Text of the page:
As the recession deepens and job losses mount, New Yorkers are struggling to make ends meet. But those who rent apartments can take some solace knowing that they are likely facing a diminishing threat from landlords who might try to evict them to clear the way for higher paying tenants.
That’s according to new Manhattan housing court statistics, which show that the number of holdover cases, in line with the other boroughs, continued to drop through the first few months of this year.
Holdover cases are when landlords seek to evict tenants for reasons other than their not paying rent. In February, 353 residential cases were filed, according to Ernesto Belzaguy, a clerk at the court. That was down from 398 cases in January, and 415 in December, Belzaguy added.
But the downward trend in the civil court seems to have had legs for a while, even during the tail end of the recent real estate boom. Last year, the court received 5,621 holdover filings, which was a dip from 2007, when it received 6,047, the data shows.
“As the housing market has weakened, the incentive has gone down. The potential rewards don’t seem so shiny,” said Arlene Boop, a partner at law firm Alterman and Boop, which handles some holdover cases. “You may not want to push out your current tenant, because you might not get as much from the next one.”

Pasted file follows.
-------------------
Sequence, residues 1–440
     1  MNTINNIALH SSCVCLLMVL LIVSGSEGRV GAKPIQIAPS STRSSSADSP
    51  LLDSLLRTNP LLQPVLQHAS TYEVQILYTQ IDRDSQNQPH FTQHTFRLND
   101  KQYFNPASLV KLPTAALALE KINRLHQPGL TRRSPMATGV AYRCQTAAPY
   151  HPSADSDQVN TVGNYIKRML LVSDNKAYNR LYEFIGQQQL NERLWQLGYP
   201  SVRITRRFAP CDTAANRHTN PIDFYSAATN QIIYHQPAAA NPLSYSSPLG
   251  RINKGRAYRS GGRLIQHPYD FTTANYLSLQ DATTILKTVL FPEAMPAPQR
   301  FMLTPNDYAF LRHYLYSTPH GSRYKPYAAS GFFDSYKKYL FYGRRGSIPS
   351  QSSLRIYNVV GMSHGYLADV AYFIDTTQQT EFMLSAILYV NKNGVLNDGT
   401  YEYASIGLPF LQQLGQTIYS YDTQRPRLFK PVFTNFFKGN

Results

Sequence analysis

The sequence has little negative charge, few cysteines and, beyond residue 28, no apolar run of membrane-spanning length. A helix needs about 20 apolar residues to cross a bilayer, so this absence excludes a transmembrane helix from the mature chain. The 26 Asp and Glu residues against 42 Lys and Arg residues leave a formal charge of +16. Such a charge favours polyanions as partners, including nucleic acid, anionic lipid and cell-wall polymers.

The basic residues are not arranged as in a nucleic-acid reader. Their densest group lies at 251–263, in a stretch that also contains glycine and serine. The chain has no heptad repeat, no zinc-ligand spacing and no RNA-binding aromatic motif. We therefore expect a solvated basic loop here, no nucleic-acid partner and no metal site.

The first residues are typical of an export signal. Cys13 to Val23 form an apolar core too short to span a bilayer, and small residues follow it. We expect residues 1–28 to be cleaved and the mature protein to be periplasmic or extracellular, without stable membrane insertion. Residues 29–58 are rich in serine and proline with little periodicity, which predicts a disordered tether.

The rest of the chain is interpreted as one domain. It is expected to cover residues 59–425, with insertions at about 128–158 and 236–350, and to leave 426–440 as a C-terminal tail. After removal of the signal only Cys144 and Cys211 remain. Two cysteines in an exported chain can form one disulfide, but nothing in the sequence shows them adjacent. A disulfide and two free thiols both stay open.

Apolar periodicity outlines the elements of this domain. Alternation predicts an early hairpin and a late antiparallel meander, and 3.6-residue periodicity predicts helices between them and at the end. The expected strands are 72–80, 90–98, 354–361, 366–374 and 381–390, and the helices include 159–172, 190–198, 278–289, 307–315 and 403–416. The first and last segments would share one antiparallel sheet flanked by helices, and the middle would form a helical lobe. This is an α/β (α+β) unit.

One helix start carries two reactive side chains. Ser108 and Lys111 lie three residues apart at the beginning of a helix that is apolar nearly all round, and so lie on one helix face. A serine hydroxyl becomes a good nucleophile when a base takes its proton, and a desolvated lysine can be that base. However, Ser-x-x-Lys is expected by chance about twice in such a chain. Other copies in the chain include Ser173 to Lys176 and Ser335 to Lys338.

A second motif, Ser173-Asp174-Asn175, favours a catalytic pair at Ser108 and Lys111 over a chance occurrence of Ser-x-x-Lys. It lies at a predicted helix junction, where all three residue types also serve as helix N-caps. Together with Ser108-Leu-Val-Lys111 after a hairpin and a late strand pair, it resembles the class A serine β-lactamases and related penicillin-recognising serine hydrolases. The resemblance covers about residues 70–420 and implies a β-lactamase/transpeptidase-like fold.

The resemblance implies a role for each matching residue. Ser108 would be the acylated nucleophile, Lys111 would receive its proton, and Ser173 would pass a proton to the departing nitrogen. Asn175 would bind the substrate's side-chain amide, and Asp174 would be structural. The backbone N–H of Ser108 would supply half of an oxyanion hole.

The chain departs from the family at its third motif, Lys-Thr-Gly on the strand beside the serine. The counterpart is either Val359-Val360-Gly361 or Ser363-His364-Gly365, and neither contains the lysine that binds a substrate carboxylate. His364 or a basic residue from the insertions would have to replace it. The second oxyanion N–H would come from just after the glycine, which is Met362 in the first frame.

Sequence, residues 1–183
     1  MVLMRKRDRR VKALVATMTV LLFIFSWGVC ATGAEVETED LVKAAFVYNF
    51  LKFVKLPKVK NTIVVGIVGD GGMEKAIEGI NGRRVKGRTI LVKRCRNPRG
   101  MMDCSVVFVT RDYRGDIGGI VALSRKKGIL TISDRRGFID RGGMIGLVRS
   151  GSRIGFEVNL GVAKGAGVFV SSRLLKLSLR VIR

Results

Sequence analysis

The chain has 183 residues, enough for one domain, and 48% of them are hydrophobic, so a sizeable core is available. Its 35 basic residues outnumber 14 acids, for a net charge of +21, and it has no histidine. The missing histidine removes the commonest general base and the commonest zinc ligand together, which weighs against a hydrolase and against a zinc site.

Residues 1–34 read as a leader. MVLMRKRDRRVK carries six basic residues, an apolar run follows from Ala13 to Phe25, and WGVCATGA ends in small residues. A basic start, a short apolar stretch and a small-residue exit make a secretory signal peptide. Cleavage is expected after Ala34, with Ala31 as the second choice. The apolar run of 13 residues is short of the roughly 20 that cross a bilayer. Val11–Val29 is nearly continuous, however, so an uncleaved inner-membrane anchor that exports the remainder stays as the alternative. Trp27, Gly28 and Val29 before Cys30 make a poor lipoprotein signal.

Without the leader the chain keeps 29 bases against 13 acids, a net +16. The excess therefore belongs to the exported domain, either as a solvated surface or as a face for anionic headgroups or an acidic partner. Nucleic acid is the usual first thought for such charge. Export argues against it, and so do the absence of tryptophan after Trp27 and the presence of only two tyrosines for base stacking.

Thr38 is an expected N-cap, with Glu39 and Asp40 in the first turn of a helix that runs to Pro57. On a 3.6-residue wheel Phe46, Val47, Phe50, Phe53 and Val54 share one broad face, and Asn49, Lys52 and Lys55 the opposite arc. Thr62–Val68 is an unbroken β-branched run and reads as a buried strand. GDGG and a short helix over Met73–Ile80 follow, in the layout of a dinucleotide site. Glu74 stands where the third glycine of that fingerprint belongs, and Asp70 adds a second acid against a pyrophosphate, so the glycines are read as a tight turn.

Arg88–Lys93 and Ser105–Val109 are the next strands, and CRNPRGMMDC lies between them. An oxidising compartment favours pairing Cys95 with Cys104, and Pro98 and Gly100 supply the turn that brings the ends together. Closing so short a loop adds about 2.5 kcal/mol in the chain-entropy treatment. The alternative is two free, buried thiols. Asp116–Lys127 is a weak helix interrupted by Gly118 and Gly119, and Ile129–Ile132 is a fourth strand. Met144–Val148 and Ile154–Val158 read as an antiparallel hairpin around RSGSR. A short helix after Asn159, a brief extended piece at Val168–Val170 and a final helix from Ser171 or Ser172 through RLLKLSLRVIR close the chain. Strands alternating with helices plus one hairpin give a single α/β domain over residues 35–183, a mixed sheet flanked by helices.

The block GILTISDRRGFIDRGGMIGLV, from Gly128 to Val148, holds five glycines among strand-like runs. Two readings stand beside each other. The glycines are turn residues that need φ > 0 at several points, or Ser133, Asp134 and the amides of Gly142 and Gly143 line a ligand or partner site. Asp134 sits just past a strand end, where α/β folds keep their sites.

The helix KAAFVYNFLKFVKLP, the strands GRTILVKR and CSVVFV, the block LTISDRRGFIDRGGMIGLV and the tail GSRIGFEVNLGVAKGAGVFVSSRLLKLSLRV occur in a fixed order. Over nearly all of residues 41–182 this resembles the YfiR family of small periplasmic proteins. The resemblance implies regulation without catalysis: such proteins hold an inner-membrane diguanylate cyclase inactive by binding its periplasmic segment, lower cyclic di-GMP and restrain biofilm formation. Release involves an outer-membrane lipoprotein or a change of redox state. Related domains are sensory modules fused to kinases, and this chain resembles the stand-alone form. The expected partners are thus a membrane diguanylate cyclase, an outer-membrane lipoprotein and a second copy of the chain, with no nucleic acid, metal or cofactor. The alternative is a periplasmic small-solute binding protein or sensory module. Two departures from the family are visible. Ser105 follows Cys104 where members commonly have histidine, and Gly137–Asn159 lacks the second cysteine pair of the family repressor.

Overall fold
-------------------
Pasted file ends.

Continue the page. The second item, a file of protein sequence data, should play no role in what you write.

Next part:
What’s less clear, though, is why the number of non-payment cases, which are brought by landlords to collect unpaid rents, is also falling, since job losses would typically lead to rent struggles.
But the number of Manhattan residential non-payment filings in February was 4,158, down from January, when there 5,090. There were 5,515 in December, the data also reveals.
Landlords typically sue tenants after three missed rent payments, so if tenants lost their jobs in December, the suits may not have been filed yet.
Still, “it’s something of a mystery,” said Louise Seeley, the executive director of the Citywide Task Force on Housing Court, a not-for-profit organization created in 1981 to help tenants better navigate the city’s housing court. The housing court system, which includes divisions for each borough, was established in 1973. (Click the link and watch the first video for an introduction to and tour of the New York City Housing Court system.)
Jennifer Vallone, director of the Project Home program of the University Settlement, which takes on tenants’ cases mostly on the Lower East Side, is also surprised “because we’ve had an increase of people walking through our door,” she said.
Similarly, anecdotally, more people seem to be seeking guidance from the court’s pro se attorneys, who advise tenants on how to represent themselves, said Jo-Ann Carey, the court’s community outreach coordinator, though specific numbers weren’t immediately available.